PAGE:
Sean Kuraly has shown promise on a very good Team USA at the IIHF U20 championships
For veteran teams built to win, the NHL lockout was all the more frustrating. Thanks to years of trading away picks and prospects to win now, there are fewer young players the franchise can turn its attention to as possible replacements for aging core players.
However, the Sharks do have a few good young players that can make the future something to look forward to. Five players designed to be part of the future were outlined here last week, which included a couple changes from a list I put forth for Examiner.com in autumn.
But in light of his part in the Team USA run to a gold medal in the IIHF Under 20 World Championships, there are five signs Sean Kuraly needs to be added to the list.
Sean Kuraly was chosen for Team USA because he is already a good two-way centre. At 6'2'' and 200 pounds, he has the size to get physical and complement his skating ability to cover ice.
The San Jose Sharks are a team fighting for a Stanley Cup right now. They can ill afford to trust a young player with ice time unless he is already responsible in his own end.
That was a flaw that has done in the likes of Benn Ferriero, Ryan Vesce and Lukas Kaspar during Todd McLellan's tenure as head coach. It will not be an obstacle for Kuraly.
Sean Kuraly played just over two seasons for the Indianapolis Ice of the United States Hockey League. In a total of 110 games, he scored 102 points—an impressive figure for any forward with a solid defensive game.
But at the age of 18, Kuraly lit up the league. His 32 goals and 38 assists in those 54 games made him a two-way dynamo (plus-13) and got him drafted in the fifth round by the San Jose Sharks.
So far as a freshman on a very good Miami of Ohio team (Dan Boyle's alma mater), he has four points in 18 games.
Simply making Team USA in August meant Sean Kuraly was among the 20 best American-born skaters under the age of 20. That alone suggests he should have been taken before the 133rd pick of the draft just a year sooner.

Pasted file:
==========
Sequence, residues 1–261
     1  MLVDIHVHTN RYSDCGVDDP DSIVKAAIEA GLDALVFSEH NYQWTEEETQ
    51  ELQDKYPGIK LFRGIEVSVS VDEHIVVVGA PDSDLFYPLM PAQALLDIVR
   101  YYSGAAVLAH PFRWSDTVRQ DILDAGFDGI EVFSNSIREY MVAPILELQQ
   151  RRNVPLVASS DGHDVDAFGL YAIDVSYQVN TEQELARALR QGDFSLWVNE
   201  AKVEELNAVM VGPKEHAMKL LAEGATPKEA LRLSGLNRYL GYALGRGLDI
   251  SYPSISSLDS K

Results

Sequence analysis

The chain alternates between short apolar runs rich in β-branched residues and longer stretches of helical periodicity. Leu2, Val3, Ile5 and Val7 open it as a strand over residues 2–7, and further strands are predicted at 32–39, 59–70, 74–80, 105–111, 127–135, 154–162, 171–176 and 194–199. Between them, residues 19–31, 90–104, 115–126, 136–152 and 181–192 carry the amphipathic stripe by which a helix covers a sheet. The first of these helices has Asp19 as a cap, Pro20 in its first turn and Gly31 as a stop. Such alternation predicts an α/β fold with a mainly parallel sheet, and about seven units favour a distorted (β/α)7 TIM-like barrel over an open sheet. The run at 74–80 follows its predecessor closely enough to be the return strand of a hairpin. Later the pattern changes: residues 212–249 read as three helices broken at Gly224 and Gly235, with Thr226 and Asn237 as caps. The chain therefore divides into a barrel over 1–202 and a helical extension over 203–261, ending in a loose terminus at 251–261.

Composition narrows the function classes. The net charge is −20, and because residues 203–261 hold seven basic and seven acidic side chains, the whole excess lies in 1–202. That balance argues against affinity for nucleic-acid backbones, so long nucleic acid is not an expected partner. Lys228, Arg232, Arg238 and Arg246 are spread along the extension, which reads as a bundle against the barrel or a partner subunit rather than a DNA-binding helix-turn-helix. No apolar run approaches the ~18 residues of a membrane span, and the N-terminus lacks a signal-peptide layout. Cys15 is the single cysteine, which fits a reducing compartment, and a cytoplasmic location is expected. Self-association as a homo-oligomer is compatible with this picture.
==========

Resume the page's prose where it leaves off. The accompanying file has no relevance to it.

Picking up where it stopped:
But that was not enough for the San Jose Sharks prospect.
Kuraly showed he could put up points in the preliminary round despite not being on a top scoring line. His three points in those four games helped the United States advance to the medal round even if he did not score when he got there.
The Hobbit may have fallen from the top spot among movies attended, but I am sure many readers have seen it. If not, you may still know J.R.R. Tolkien subtitled the book There and Back Again from the book Bilbo Baggins shows his nephew Frodo twice during the series.
That title perfectly fits a play that exemplified the two-way nature of Sean Kuraly in his national team's biggest game. After being on the attack against Canada in the medal round, he skated deep into his own end backchecking. Then he got a hold of the puck near his own end and skated it back on the attack.
His good speed put him all over the ice even when he was not making plays. A player who will go the length of the ice more than twice on one shift to be part of two offensive rushes and then be the deepest forward in his own end in between can plan my castle onslaught any day.
Sorry, wrong movie reference.
The San Jose Sharks are among the best teams in the NHL each year, yet they are still looking for their first Stanley Cup. Sean Kuraly helped Team USA beat out supposedly better teams from Canada and Russia as well as beating comparable teams from Sweden and the Czech Republic.
Championship experience at all levels is important in prospects, but those part of overachieving title runs might help even more.